8:10AM/33 miles to go:† Iím in a group of stragglers as we hit Taylor for the second time.† Climbing is much easier with plenty of elbow room, and I start passing people.† Unfortunately, thereís still a big gap ahead of me to the pack when I hit the top, and the effort of climbing was like doing 100 reps on the leg press. My muscles have reached failure and I cannot close the gap.

Filmore! Yes, it's really that steep and this isn't the worst part.
The next block that you can't see is even steeper. Ouch.

8:15AM/32 miles to go: Iíve raced about 45 minutes and am completely tapped out.† I get passed by the caravan and my race is over.† I see my teammate Suz and a couple other girls, and we head out for another lap, but I know I wonít finish it.† Whatís the point?† As we climb up Filmore, I decide that I donít have to climb the last torturous pitch, and scoot out the barriers onto the cross street.† I donít want to hear the crowd cheering anymore, and I feel profound failure as I head back to the hotel to shower.† I pass two separate crash victims along the way, one of which is Diana Zilute who apparently got nailed by a moto. I consider myself somewhat lucky.

9:40AM:† Cleaned up and dressed, I watch the womenís finish first from the big screen, then live as the winners speed past.† I radio encouragement to Zoe and Kate, who are still in the race, telling them to sprint for the last money spots. Zoe takes 4th in the sprint of the second group and Kate finishes in the middle of the group, having lead out the sprint.† Iím really happy for them, and it cheers me up considerably to see them finish well.†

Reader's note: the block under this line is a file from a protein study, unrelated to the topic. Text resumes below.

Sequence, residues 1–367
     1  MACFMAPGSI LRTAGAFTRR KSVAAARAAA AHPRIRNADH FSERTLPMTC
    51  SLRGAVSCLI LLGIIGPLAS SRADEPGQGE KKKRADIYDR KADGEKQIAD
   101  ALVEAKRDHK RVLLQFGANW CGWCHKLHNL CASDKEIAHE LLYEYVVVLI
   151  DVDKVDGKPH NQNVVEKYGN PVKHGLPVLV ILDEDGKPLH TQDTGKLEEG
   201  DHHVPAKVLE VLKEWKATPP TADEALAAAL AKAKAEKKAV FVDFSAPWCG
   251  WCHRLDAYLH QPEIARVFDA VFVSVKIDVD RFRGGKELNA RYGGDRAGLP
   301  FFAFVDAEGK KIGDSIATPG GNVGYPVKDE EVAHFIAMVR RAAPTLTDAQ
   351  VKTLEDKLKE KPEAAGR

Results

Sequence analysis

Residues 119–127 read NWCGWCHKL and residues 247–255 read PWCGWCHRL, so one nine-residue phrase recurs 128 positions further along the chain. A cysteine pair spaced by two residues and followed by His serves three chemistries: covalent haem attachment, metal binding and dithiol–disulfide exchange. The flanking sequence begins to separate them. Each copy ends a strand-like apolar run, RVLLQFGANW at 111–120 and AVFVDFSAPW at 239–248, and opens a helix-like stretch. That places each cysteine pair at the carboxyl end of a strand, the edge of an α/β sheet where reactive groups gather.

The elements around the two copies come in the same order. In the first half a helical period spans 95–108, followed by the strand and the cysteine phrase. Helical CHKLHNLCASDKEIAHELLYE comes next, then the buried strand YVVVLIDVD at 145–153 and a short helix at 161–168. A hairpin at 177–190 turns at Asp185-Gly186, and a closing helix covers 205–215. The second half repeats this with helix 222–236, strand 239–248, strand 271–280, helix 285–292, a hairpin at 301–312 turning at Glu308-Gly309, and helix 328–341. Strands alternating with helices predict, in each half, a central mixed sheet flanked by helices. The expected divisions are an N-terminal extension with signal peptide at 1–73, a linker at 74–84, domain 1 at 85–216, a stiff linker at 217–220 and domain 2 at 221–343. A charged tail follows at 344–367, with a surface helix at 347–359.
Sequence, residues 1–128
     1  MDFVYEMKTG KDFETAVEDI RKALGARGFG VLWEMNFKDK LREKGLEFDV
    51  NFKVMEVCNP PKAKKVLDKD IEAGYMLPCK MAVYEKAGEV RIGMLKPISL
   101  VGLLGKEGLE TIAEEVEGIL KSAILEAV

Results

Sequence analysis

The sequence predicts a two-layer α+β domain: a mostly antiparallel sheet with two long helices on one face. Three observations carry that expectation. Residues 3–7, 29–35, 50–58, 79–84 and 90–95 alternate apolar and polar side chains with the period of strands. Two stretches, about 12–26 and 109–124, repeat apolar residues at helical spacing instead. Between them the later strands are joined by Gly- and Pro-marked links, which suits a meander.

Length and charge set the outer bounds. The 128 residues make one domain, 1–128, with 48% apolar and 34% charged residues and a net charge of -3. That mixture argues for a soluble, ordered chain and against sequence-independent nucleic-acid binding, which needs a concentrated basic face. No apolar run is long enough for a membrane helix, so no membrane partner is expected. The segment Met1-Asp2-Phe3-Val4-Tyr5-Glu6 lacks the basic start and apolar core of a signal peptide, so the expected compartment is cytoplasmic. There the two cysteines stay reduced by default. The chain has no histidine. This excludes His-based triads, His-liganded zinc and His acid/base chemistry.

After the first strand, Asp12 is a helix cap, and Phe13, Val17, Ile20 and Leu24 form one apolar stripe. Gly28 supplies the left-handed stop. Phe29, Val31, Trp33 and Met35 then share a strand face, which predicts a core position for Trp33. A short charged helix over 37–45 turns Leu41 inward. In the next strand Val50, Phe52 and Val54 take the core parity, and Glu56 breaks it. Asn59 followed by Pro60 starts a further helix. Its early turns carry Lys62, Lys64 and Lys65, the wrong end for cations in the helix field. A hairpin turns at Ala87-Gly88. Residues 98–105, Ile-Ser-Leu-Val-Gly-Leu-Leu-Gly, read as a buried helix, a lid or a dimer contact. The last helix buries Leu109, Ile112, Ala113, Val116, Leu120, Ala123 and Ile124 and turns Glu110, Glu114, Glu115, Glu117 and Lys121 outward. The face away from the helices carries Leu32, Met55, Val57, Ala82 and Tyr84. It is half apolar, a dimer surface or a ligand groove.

For some reason, I found my eyes welling up with tears as I watched Dede chasing Nicole on that last lap. I really wanted Dede to win. She raced with so much courage, sacrificing everything to try and win while the others just sat on her.† I know that sounds clichť, but it takes great strength of character to go all out up a hill like Filmore and then find extra power to attack over the top.† I choked back the tears ofÖ of jealousy?† Of a sense of failure?† Of a sadness that the race and my season are over?† Of sheer exhaustion?† For my bank balance after seeing the bill from the Hyatt Regency?† A combination of things, but mostly they were tears of awe at the beauty of the sport, of admiration for greatness that I will never achieve.

I want to congratulate to all the survivors of the first edition of this race, especially my fellow North Carolinian Alisha Little who finished 21st in her first full season as a bike racer.† Now thatís talent!† I also want to thank Eric and the entire Ashmead/King 5 team for all their hard work. Many thanks to FSA for the awesome carbon cranks, and to Emory for being an excellent mechanic, an awesome husband, and for supporting me in all these crazy adventures.

Until next seasonÖ†††

You can learn more about the intrepid Laura Weislo at her personal website!